Data analysis: More Cautions than Conclusions

Here’s a simple chart. I had fun making it, and am proud of my shrewd code and above-average-but-not-stellar visual design. There’s even a quick message: annual bond returns fair slightly better under Republican presidents than Democratic presidents, but vice-versa for S&P 500 returns.

Done deal, right? Not so fast.

It’s foolish to think markets are exclusively driven by real-time political policy. I don’t know the exact decomposition, but it’s safe to say that many dynamics beyond the political party of the president affect market returns: the political party of the previous administration, the administration before that, the one before that… Not to mention factors like foreign politics, international supply and demand, and influenza pandemics, to name a few.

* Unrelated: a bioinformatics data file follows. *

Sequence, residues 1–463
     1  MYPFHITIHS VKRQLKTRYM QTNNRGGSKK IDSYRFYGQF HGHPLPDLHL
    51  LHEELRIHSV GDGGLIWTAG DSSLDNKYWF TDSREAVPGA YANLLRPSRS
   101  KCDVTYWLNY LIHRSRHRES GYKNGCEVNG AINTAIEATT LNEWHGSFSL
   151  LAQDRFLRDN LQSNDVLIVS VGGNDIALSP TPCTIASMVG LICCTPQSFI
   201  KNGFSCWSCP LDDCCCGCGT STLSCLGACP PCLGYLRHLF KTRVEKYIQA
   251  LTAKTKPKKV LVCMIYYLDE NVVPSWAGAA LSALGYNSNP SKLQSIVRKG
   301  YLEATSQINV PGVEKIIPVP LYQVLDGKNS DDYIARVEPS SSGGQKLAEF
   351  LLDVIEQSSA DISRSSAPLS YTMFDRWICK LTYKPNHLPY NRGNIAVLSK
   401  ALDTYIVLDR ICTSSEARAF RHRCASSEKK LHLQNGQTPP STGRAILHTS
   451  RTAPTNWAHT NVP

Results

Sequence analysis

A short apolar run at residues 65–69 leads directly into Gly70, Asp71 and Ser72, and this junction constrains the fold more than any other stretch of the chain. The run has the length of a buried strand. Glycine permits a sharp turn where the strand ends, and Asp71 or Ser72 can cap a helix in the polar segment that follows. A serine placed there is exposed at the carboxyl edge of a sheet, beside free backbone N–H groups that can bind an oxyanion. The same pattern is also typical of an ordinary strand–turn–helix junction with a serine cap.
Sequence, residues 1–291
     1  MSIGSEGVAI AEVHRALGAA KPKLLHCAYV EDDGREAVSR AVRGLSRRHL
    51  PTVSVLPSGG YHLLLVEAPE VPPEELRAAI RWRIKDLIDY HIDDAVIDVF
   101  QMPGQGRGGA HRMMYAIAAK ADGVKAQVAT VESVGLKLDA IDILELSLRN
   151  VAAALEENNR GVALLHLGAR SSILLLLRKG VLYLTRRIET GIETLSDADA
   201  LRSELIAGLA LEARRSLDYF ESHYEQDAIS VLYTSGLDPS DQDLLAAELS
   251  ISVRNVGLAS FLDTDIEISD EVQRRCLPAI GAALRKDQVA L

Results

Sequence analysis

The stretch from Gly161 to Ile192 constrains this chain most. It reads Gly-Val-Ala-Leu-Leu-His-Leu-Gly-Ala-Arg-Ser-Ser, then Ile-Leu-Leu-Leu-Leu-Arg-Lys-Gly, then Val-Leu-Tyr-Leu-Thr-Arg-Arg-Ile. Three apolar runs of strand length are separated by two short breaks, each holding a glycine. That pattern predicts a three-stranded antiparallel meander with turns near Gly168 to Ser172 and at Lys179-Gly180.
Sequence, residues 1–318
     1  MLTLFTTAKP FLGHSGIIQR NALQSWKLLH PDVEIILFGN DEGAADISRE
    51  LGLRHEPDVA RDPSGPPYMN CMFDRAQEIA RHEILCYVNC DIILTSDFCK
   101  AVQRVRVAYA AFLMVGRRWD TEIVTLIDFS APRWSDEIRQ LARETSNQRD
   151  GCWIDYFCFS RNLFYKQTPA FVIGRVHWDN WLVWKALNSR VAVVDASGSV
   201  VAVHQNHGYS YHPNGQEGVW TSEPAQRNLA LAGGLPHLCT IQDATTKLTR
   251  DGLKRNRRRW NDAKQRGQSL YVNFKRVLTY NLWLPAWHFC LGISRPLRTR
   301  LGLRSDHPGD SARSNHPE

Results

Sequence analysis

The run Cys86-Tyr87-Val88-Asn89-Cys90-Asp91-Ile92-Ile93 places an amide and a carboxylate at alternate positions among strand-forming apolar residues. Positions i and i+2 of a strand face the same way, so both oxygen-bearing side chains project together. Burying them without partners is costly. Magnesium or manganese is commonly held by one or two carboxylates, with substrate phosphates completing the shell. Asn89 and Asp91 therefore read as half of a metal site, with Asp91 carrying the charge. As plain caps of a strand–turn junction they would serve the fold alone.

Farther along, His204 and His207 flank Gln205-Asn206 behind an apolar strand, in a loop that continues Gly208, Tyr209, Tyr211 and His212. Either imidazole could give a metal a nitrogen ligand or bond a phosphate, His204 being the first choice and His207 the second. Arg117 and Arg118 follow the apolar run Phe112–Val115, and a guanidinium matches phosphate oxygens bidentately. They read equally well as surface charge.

I invite you to ponder other analyses that would paint an insightful picture. Personally, I’d like to know the temporal correlation: how does the previous administration’s party affect the current return? The party before that? I also would like to know how returns change with the tenure of the president: does their last year bring better markets than the first? Oh, another! Instead of categorizing by political party, what about regressing on age? Education level?

The list goes on, but splicing on so few data points isn’t the only problem here. The problem is ignoring the plethora of factors that affect the incredibly complex financial markets beyond presidential political party. As such, I advise against casting votes based on my thin-splicing. But please, appreciate my code.

You can find more data analysis on my website, michaelboerman.com.

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